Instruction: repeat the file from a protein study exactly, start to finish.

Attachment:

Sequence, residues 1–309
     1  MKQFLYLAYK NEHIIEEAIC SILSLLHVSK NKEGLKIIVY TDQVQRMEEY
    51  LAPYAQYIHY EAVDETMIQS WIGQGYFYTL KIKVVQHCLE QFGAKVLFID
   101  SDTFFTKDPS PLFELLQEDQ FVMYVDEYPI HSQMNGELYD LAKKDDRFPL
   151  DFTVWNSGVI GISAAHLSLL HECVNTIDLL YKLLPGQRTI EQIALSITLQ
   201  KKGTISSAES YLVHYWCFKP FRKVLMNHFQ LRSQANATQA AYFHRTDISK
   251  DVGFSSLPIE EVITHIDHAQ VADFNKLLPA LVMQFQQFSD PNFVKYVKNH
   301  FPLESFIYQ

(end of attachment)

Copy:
Sequence, residues 1–309
     1  MKQFLYLAYK NEHIIEEAIC SILSLLHVSK NKEGLKIIVY TDQVQRMEEY
    51  LAPYAQYIHY EAVDETMIQS WIGQGYFYTL KIKVVQHCLE QFGAKVLFID
   101  SDTFFTKDPS PLFELLQEDQ FVMYVDEYPI HSQMNGELYD LAKKDDRFPL
   151  DFTVWNSGVI GISAAHLSLL HECVNTIDLL YKLLPGQRTI EQIALSITLQ
   201  KKGTISSAES YLVHYWCFKP FRKVLMNHFQ LRSQANATQA AYFHRTDISK
   251  DVGFSSLPIE EVITHIDHAQ VADFNKLLPA LVMQFQQFSD PNFVKYVKNH
   301  FPLESFIYQ